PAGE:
An important and growing part of Vermont's economy is the manufacture and sale of artisan foods, fancy foods, and novelty items trading in part upon the Vermont "brand" which the state manages and defends. Examples of these specialty exports include Cabot Cheese, the Vermont Teddy Bear Company, Fine Paints of Europe, Vermont Butter and Cheese Company, several micro breweries, ginseng growers, Burton Snowboards, Lake Champlain Chocolates, King Arthur Flour, and Ben and Jerry's Ice Cream. Vermont's Agency of Agriculture, Food & Markets maintains the highest dairy standards in the U.S. Only France's Minister of Agriculture, Food, Fishing and Rural Affairs (see Minister of Agriculture (France)) has standards for butterfat content equal to Vermont's.
In 2001, Vermont produced 275,000 US gallons (1,040,000 L) of maple syrup, about one-quarter of U.S. production. For 2005 that number was 410,000 accounting for 37% of national production. The Vermont Department of Agriculture maintains a rating standard for maple syrup that is higher than the U.S. Department of Agriculture's, all other states, and Canada.
In 2000, only 3% of the state's working population was still engaged in agriculture.
IBM, in Essex Junction, is Vermont's largest for-profit employer. It provides 25% of all manufacturing jobs in Vermont. It is responsible for $1 billion of the state's annual economy.
Vermont is the 17th highest state in the nation for mortgage affordability. However, in 41 other states, inhabitants contributed within plus or minus 4% of Vermont's 18.4% of household income to a mortgage.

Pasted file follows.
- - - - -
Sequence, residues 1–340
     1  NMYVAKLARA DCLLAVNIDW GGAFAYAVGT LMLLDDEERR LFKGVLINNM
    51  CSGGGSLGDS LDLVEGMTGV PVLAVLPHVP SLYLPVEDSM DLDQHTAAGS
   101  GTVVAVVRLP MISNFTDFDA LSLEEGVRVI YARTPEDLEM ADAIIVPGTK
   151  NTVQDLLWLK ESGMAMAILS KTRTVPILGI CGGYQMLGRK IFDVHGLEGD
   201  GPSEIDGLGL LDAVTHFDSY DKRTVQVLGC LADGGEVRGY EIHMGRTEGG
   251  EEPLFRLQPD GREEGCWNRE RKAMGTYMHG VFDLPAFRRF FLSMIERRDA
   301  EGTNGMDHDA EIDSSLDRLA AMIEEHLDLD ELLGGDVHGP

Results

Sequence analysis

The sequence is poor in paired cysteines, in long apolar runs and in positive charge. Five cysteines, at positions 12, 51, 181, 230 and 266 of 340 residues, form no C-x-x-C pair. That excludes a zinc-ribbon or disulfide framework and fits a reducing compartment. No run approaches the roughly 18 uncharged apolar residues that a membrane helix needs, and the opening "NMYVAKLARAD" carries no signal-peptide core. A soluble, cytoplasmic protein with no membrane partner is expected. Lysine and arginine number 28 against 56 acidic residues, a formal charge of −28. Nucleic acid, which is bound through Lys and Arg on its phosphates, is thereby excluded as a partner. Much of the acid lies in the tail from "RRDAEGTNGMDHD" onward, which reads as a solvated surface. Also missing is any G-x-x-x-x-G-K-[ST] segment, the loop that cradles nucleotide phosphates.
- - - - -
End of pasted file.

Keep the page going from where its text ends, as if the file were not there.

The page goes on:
As of 2006, there were 305,000 workers in Vermont. 11% of these are unionized.
A 2007 survey claimed that Vermonters were the least satisfied with their job in the whole nation and were the most likely to be making plans to leave.
Captive insurance plays an increasingly large role in Vermont's economy. With this form of alternative insurance, large corporations or industry associations form standalone insurance companies to insure their own risks, thereby substantially reducing their insurance premiums and gaining a significant measure of control over types of risks to be covered. There are also significant tax advantages to be gained from the formation and operation of captive insurance companies. According to the Insurance Information Institute, Vermont in 2004 was the world's third-largest domicile for captive insurance companies, following Bermuda and the Cayman Islands.
Tourism is the state's largest industry. In winter, the ski resorts Stowe, Killington Ski Resort, Mad River Glen, Sugarbush, Stratton, Jay Peak, Okemo, Mount Snow and Bromley draw skiers from around the globe, although their largest markets are Boston, Montreal and the New York metropolitan area. In the summer, resort towns like Stowe, Manchester, and Woodstock draw visitors looking for a mountain vacation. Resorts, hotels, restaurants, shops and attractions employ many people year-round.